Hillmount Garden Centre has provided P5 pupils at Downey House with gardening equipment to enable children at the south Belfast prep school to participate in an out of this world experiment backed by British Astronaut Tim Peake.
After a nervous wait, Mrs Jennings, P5 teacher at Downey House, received confirmation that the school’s application to the ‘Rocket Science Experiment,’ in partnership with the UK Space Agency, had been accepted and, along with 600,000 children across the UK, the P5 class received their rocket seeds on their arrival back down to earth.
Mrs Jennings said: “We completed a detailed application form so there was great excitement in the school when we were told we’d been chosen to participate in the experiment. The children have been so enthusiastic about getting involved in this historic food and science project and in becoming space biologists.”
Downey House received one red packet and one blue packet of rocket seeds each containing a minimum of 100 seeds. One pack contained seeds that have travelled to space while the other remained on earth. They are being grown side by side for 35 days but, until the end of the experiment, it remains a secret as to whether the red or blue packed seeds actually travelled with Tim Peake.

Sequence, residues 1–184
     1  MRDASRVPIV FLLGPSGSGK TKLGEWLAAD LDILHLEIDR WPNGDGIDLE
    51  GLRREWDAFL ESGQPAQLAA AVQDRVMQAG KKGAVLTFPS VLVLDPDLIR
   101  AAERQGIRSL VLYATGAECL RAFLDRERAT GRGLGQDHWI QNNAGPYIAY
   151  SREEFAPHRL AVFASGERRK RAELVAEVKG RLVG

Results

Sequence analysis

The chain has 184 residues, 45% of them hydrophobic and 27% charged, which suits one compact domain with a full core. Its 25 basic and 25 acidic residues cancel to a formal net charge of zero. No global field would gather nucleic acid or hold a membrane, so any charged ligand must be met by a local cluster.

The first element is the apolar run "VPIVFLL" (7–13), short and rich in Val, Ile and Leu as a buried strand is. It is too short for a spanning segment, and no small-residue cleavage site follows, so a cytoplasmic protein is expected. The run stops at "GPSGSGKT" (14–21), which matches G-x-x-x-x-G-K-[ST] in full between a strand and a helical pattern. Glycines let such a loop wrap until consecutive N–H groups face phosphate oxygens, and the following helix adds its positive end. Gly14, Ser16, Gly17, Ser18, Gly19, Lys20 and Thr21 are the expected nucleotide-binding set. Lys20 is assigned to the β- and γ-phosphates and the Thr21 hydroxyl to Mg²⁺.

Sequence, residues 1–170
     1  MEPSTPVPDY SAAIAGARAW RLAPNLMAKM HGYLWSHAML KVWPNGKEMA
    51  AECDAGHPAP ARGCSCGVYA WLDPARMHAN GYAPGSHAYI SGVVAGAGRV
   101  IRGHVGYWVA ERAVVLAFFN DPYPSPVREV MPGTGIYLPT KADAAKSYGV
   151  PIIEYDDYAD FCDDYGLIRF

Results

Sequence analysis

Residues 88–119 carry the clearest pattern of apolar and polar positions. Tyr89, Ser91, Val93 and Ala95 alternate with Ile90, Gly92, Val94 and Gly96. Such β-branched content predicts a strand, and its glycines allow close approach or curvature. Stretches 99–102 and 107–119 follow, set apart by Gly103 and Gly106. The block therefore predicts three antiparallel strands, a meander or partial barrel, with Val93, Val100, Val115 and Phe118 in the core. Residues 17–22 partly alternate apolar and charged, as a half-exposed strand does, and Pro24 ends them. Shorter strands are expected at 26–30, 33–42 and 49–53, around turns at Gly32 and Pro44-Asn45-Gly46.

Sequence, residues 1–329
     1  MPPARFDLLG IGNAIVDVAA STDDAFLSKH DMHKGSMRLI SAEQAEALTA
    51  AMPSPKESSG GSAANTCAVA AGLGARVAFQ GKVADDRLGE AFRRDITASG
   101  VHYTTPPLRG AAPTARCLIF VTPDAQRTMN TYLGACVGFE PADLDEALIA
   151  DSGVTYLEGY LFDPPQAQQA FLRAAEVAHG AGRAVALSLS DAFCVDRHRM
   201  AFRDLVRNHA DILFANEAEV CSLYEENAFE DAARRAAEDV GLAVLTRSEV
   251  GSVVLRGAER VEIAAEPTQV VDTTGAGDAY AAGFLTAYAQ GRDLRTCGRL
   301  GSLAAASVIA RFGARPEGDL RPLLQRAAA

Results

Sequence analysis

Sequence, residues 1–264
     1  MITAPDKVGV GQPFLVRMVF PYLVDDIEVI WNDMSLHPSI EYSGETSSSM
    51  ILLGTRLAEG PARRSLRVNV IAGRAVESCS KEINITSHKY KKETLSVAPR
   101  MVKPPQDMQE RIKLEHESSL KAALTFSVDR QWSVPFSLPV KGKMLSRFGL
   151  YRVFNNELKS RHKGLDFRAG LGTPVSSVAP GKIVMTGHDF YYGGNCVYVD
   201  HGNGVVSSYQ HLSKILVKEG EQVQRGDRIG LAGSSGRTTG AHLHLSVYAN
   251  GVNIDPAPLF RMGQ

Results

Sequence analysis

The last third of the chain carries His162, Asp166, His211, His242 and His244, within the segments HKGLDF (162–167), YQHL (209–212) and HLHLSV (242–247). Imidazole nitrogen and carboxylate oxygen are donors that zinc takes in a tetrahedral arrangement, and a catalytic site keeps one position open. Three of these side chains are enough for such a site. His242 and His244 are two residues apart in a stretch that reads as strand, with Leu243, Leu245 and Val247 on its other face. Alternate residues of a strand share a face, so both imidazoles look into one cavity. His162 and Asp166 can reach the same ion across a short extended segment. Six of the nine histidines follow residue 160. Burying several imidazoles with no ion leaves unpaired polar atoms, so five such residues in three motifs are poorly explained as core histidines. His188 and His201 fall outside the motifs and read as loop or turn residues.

Alan Mercer, Managing Director, Hillmount Garden Centre, said: “We host a ‘Kids Gardening Club’ at Hillmount on the first Saturday of every month as we are committed to encouraging young children to learn and enjoy all aspects of horticulture. We are very excited for the outcome of such an out of this world national campaign and it’s a privilege for us to provide the equipment Downey House needed to help their Space Biologists participation in the experiment lift off.”
Tim has wished the children well with their investigations into the impact of micro-gravity and space travel on seed germination and growth. The results will help to form a clearer picture of the potential for astronauts to grow their own food to sustain them on long-term missions.
Speaking while 400km above the surface of the Earth, Tim said: “This is a really exciting week for the hundreds of thousands of young people across the country who will begin their Rocket Science experiments. I’d like to wish everyone taking part the best of luck with their investigations and I look forward to seeing some of the results.
“It’s possible that among those pupils taking part in the project are the young people who will help mankind reach the next big milestones in space exploration for the benefit of people on Earth. I hope the RHS Campaign for School Gardening’s Rocket Science experiment will spark curiosity and wonder amongst young people who may become the next generation of horticultural scientists.”
The aim of the experiment is to enthuse young people about science and horticulture and provide the European Space Agency with key insights into some of the challenges of growing food in space.
Results of the experiment will be made available after all data has been submitted to Royal Horticultural Society.